While many in the aviation industry bemoan the fact that older aircraft values are rapidly declining, there is a bright spot, older efficient airframes with plenty of life left that can benefit from avionics upgrades. A great example is the Twin Commander twin-engine turboprop series. Twin Commander service center Eagle Creek Aviation of Indianapolis, Ind. (Booth No.
BLR Aerospace has named West Star Aviation an authorized dealer for its Super King Air winglets and associated products, including extended-length de-ice boots and LED lighting upgrades. Under the terms of the agreement West Star will provide and install BLR’s products on the King Air 90, 200 and 300 series at its Grand Junction, Colo.; Dallas; and Columbia, S.C. facilities.
In mid-July, Bombardier made a flight-test Learjet 40 available to demonstrate the capabilities of the Garmin G5000 integrated flight deck that is a key feature in the new Learjet 70 and 75. This Learjet 40 is one of two flight-test articles flying in the 70/75 program and the first jet to fly with Garmin’s first Part 25 avionics suite, which is branded as the Vision cockpit for the Learjet application and the first Part 25 avionics system with touchscreen control.
Stevens Aviation’s Dayton facility dates back to 1946 as Ohio Aviation. It was one of the original Beechcraft distributors and authorized Beech Aircraft Centers. During the 1970s Ohio Aviation expanded its operation by adding facilities in Cincinnati and Cleveland. In 1983 Beech Aircraft purchased Ohio Aviation but continued operating it under its original name. Beech later sold the Dayton and Cincinnati operations to J.P. Stevens, which merged them into its aviation subsidiary, Stevens Aviation.
Gama Engineering announced it has completed its 50th EASA STC. The work entailed design and certification of a Garmin G600 EFIS system into a BN Islander used by the Belgian Coastguard. Gama carried out the design work on behalf of ASP Avionics from Belgium, one of many mainland-Europe customers taking advantage of Gama’s proven design and certification experience.
AIN readers rate Garmin as the top provider of avionics product support in the 2012 AIN Avionics Product Support Survey cockpit avionics rankings, with an overall average rating of 8.3. Rockwell Collins climbed to second place with a rating of 7.8, followed by Universal Avionics in third, with an overall average of 7.7. Honeywell’s cockpit avionics rating climbed 1 percent this year, to fourth place and 7.5, tying for the same place with Avidyne, which also scored a 7.5 rating. Honeywell’s Bendix/King division retained the same 7.1 rating as last year, moving to fifth place.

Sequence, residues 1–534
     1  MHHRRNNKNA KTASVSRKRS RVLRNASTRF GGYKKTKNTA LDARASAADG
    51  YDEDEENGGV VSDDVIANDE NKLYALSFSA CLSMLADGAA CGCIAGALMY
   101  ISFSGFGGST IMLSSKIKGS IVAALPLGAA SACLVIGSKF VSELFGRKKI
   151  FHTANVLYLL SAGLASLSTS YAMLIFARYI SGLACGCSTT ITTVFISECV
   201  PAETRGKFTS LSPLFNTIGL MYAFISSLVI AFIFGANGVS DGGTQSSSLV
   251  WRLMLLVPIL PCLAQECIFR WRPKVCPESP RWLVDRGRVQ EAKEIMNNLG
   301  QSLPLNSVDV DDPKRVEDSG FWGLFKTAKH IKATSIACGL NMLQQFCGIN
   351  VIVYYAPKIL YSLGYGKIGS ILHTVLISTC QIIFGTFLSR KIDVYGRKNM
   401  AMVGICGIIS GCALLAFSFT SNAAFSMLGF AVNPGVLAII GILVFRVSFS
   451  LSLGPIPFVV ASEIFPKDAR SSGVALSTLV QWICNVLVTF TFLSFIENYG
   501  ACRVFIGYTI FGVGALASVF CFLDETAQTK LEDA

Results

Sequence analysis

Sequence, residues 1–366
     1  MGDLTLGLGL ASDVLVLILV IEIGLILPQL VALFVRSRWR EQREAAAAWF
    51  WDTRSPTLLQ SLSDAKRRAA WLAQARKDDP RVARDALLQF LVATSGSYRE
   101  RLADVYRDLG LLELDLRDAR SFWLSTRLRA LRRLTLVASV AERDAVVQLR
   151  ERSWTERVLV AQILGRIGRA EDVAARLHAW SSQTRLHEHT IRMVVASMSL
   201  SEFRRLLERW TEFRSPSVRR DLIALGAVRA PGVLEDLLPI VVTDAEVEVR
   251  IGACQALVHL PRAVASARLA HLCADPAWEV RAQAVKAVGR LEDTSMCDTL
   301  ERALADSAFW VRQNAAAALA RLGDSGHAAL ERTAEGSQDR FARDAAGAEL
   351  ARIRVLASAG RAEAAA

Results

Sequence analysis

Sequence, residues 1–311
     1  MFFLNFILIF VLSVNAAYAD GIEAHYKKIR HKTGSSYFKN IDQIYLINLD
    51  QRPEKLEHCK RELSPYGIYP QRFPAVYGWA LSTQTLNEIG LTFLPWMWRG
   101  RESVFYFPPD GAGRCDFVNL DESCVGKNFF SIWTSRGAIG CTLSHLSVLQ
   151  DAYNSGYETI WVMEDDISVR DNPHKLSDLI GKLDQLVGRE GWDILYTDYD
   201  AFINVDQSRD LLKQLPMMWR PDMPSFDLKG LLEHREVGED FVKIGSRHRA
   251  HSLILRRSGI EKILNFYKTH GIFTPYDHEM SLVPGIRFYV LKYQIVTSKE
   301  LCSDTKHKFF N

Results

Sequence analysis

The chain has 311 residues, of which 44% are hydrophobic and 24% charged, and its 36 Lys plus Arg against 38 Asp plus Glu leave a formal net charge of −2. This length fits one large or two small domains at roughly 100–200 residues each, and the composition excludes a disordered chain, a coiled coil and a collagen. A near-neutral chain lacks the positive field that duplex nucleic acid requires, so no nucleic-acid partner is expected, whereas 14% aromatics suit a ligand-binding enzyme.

Last year there were a handful of companies promoting devices that could capture weather and traffic signals from the growing network of ADS-B ground stations deployed around the U.S. This year, the market and the makers of ADS-B devices have exploded, and buyers now have an array of choices.
The good news is that these devices are now available for both Android and Apple devices. The even better news is that some manufacturers have added fairly significant capabilities to their ADS-B devices, although some of these have yet to begin deliveries.
Broomfield, Colo.-based JetTech announced yesterday that it received FAA STC approval to install touchscreen Garmin GTN 650/750 GPS navcoms on 500-series Cessna Citations, to include the 500, 501, 550, 551, S550 and 560. The approval covers installation of the GPS navcoms, as well as Garmin GTX 33 transponders, remote GMA35 audio panels and GA35/37 antennas. In addition, the STC includes Waas approvals.
Garmin has updated the software for GTN touchscreen avionics, and new capabilities include the ability to display weather radar, new ADS-B features, worldwide connectivity with the GRS 56 Iridium datalink system, cross fill between the GTN and GNS 430W/530W, geo-referenced FliteCharts and support for Telligence voice command and 3-D audio. The new software is available free for owners of GTN systems starting in the fourth quarter, although dealers may charge for installation.
Garmin unveiled a pair of ADS-B units and a new solid-state weather radar system yesterday, further broadening its avionics product line.
The company’s new GDL 88 is a dual-link ADS-B solution, which transmits and receives on 978 MHz and also receives on 1090 MHz. Its ability to receive on both 978 and 1090 MHz means that it can detect traffic transmitting on either ADS-B OUT frequency and receive subscription-free weather data on 978 MHz. ADS-B OUT capability for flying above 18,000 feet or outside the U.S. could be added with a GTX 330/33 ES transponder.